Household incomes rise in Europe's North, decline in South
Thursday, 10 January 2013


The absence of tangible recovery has put under pressure household incomes in the majority of EU member-states and increased the risks of long-term exclusion, the European Commission has said.

 

Real gross household disposable income declined between 2009 and 2011 in two-thirds of EU countries for which data is available, with the largest drops recorded in Greece (17%), Spain (8%), Cyprus (7%) and Estonia and Ireland (5%).

 

This evolution is in stark contrast with the situation observed in the Nordic countries, Germany, Poland and France where welfare systems and more resilient labour markets have allowed overall incomes to continue increasing during the crisis. The continuing crisis is however increasing the risks of long-term exclusion everywhere.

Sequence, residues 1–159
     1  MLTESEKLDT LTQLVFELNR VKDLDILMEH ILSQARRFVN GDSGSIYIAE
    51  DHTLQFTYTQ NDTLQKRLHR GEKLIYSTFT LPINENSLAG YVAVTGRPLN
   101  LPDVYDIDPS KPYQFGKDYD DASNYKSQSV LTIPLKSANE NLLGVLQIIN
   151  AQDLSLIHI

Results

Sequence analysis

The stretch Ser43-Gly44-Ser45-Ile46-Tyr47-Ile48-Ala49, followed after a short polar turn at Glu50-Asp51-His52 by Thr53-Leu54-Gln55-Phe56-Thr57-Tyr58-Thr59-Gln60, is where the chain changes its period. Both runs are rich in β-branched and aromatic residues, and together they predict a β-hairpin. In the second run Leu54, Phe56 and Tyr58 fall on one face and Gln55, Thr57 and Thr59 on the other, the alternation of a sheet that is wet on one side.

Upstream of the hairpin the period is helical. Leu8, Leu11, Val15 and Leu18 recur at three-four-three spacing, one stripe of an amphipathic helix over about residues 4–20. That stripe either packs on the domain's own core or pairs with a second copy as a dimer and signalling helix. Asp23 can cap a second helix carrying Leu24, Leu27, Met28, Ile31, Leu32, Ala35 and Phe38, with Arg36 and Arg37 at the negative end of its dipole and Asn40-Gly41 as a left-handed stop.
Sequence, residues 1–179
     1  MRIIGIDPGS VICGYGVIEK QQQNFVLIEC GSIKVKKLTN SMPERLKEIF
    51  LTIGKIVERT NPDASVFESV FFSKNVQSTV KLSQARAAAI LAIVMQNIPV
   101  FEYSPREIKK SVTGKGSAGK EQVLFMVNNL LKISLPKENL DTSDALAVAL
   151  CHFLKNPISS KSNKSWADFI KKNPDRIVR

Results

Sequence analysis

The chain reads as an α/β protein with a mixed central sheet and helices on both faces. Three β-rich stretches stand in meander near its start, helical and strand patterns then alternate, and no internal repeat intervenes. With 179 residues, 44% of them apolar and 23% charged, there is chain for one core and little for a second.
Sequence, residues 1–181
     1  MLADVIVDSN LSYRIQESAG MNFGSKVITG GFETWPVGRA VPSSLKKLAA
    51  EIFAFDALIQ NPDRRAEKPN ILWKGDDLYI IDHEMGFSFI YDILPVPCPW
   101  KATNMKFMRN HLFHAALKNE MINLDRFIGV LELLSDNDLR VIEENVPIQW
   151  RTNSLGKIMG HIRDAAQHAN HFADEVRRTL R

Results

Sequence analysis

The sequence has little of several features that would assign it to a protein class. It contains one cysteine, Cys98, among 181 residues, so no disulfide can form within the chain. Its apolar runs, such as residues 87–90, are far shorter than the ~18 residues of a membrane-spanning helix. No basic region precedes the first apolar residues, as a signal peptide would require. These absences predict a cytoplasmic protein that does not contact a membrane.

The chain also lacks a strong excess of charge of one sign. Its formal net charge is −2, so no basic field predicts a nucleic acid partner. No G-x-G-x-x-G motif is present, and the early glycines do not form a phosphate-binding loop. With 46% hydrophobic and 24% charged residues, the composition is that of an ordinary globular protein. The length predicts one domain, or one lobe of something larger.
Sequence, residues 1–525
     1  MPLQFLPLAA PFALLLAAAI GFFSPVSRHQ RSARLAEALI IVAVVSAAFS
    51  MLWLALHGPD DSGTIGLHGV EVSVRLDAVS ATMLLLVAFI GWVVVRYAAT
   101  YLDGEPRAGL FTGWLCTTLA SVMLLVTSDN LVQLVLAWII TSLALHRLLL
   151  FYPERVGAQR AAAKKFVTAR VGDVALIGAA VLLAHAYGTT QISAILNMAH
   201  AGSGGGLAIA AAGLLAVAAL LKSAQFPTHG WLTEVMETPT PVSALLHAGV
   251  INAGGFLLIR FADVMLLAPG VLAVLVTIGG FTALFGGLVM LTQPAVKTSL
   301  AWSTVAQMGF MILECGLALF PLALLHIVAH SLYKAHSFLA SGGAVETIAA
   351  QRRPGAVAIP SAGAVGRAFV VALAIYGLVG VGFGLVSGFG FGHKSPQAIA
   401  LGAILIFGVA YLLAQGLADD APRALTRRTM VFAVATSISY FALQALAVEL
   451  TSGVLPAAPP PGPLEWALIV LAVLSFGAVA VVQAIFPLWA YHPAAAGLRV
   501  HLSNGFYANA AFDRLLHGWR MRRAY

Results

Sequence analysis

To prevent rising poverty and long-term exclusion from becoming entrenched, policies need to be tailored to specific country situations and population groups most at risk.

In early 2013 the Commission will issue a Social Investment Package with guidance to the Member States for putting in place adequate, sustainable and effective social policies that strengthen human capital and social cohesion in the face of increasing pressure on private and public resources to tackle these challenges.

 


  

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